If you are considering a trip in Asia involving Singapore, and you are coming from the West, I would recommend you go to Singapore last, because I don’t know that you really appreciate it all that much until you see other Asian cities and countries. Singapore is all about comparative adjectives, so you need to give yourself something to compare it to. And if you are comparing it to India, well, it does very well in that exchange….

So this time in our efforts to find activities, we visited the Jurong Bird Park, which, like everything else in Singapore, is beautifully planned, well maintained, and a lovely place to spend some time if you have the money. And so I wore my new skirt there, hoping to throw a fox among all the many birds we found there, including, but not limited to, the Victoria Pigeon. Now, this is no ordinary flying rat, no metropolitan scourge of humanity. This pigeon is, forgive me, FLY.

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Look at that bird. That’s a pigeon who know’s what’s up.

To the garment! Of course the real phrase is “cat among the pigeons”, not fox, but what can I do, I think a fox would be as upsetting to pigeons as a cat, although these guys didn’t seem that bothered, so what do I know?

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So here I am, in my fox-printed pencil skirt (I think I need to take the waist in, although I love home comfortable this is, but the slight stretch across the fabric makes it bag quickly), and a never-blogged plantain because who has that kind of time?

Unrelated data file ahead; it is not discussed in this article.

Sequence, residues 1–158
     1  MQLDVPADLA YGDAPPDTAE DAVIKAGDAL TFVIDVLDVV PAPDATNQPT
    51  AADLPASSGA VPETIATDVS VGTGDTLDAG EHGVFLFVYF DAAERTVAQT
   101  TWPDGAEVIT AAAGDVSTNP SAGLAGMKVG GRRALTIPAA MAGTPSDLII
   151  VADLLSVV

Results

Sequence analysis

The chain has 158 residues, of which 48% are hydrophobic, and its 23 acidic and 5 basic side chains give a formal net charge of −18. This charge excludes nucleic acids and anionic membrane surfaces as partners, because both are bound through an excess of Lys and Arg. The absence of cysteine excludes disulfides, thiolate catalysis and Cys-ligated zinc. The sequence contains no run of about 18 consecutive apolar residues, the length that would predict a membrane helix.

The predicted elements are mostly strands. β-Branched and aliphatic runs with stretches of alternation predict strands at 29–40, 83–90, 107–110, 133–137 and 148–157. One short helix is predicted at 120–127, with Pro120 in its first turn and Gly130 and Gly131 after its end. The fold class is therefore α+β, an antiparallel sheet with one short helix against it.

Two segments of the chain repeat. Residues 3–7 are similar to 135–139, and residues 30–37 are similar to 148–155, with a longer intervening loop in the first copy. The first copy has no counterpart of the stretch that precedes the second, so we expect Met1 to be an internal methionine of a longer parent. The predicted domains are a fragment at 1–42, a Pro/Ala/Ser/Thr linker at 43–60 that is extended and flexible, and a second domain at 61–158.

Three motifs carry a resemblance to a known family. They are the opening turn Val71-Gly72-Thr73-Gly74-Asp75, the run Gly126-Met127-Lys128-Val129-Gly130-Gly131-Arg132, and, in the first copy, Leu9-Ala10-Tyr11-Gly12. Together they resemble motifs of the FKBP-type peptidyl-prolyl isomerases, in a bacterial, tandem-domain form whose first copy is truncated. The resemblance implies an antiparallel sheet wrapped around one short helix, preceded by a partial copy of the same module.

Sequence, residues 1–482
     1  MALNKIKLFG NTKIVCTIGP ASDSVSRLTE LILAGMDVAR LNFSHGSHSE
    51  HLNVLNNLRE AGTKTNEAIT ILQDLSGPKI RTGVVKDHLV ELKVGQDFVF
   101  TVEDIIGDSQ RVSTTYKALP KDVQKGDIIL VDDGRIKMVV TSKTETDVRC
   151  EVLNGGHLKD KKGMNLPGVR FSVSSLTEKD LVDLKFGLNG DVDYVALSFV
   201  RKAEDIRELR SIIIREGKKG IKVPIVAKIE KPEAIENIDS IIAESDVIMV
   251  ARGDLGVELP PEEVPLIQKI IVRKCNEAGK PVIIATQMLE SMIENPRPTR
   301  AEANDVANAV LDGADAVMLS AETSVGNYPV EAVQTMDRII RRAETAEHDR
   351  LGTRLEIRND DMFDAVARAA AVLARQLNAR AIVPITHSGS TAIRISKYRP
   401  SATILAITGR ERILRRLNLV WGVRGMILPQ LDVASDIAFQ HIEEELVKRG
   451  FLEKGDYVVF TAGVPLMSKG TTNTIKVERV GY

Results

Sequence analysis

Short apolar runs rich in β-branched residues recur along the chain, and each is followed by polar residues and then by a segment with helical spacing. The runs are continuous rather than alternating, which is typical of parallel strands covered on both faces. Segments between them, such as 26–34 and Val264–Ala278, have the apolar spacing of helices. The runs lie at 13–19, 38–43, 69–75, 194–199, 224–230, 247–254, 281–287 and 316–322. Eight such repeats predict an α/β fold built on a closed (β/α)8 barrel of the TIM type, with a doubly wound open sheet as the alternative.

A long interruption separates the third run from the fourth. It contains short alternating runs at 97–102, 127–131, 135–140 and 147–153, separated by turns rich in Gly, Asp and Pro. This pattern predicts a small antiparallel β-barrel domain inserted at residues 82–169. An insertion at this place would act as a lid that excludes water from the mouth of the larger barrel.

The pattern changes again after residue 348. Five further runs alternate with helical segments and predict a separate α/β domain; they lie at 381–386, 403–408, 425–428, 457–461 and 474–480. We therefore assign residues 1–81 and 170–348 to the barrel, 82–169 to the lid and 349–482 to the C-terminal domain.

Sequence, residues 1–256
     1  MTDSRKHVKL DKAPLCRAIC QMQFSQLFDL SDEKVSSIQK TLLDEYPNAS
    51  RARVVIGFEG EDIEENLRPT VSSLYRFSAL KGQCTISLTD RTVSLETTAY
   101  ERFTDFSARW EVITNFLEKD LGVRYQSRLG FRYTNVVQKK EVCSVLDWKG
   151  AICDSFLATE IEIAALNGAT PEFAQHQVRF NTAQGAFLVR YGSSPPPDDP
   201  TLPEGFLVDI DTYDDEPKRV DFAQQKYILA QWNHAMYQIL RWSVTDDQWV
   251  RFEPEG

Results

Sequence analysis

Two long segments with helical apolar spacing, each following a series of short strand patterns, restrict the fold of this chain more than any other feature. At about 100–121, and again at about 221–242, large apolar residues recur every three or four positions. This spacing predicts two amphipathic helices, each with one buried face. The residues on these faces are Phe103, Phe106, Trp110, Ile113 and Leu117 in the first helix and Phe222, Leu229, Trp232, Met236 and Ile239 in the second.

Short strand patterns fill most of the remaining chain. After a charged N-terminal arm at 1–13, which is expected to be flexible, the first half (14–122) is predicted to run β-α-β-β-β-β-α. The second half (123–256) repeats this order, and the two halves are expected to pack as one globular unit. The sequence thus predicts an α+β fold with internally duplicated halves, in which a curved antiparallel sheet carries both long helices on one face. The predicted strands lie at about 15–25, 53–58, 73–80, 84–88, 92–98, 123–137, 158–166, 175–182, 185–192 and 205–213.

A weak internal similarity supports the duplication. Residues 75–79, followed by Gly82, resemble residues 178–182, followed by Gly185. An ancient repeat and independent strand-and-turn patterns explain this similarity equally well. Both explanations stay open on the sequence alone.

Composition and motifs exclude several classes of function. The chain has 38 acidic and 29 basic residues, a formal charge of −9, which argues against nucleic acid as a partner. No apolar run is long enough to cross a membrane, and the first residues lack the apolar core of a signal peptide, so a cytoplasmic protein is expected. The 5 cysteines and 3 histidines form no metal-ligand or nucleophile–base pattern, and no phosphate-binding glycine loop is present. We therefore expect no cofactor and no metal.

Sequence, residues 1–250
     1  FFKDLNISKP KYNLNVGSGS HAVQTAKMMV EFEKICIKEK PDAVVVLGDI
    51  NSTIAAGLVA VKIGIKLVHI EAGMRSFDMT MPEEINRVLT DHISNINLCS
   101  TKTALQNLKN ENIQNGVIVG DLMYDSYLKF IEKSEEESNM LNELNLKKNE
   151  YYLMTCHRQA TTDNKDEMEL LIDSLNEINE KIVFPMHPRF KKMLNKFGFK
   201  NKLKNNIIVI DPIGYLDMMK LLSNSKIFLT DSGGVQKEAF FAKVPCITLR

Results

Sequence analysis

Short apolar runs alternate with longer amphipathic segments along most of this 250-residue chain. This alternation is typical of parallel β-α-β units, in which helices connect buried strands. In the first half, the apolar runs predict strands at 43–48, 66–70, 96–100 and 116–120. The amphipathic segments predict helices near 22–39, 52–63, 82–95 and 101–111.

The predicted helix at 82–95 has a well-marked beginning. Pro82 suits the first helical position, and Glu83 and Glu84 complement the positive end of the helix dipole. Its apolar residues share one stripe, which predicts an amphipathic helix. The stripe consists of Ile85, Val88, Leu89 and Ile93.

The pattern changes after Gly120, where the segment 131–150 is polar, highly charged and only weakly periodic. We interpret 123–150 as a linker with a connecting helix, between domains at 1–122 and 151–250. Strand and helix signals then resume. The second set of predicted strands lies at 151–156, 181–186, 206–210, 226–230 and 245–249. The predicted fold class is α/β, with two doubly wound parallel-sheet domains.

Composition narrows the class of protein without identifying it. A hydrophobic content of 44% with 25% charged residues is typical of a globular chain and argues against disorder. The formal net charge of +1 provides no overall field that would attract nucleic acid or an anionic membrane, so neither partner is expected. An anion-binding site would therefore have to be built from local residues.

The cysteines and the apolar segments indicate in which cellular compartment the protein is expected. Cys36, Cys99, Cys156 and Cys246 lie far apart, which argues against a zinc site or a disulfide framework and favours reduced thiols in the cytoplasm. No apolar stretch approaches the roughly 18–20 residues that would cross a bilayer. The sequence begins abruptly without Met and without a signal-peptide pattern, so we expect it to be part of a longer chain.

This skirt comes from my block, and while I usually do the bodice block, I’ve been experimenting with the bottom lately!

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Whaaaa? Yes, I have! This is the second time I’ve done this, although I made a super serviceable army green pencil skirt which is a total workhorse and I’ve yet to photograph. I didn’t bring that to Singapore because this one is clearly more fun…

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A little side view for you. It’s a little big, yes, probably again because of the stretch element. But I like it, I’m literally wearing it as I type this, so…

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You can just see the zipper, ah well, its bright pink, which is fun, and then the waistband fastens with two skirt hooks. I machine stitched the hem because sometimes you just can’t, and it has a vent in the back, although I don’t know if you can see it here. I cut this skirt a little long, which made me feel a little dowdy in Singapore, but I think the print saves it from full on matron territory. Right? Let’s hope so….

The shirt fabric is from Girl Charlee, smuggled into India last spring, and the skirt fabric is from my new BFF fabric store, Thakur, in Bandra.

Sidenote, have you guys seen the Poirot “A Cat Among the Pigeons“? Classic.

I don’t know if my skirt had quite the influence on these birds the print implies it might…

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Ah well, I suppose it’s better not to freak out the birds. They can kick you out of Singapore for that…

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Bye bye, birdies! Odds are I will see you again sooner or later, after all, there isn’t much to do in Singapore, except eat your chicken and duck compatriots, that is. Delicious delicious compatriots.

Thanks for the photos, Michael! Thanks for coming to Singapore to be my photographer! That’s why you came, right?

 

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Filed under Clothing, Deer and Doe, Sewing, Travel

The Resting in Rajasthan Robe (and nightgown!)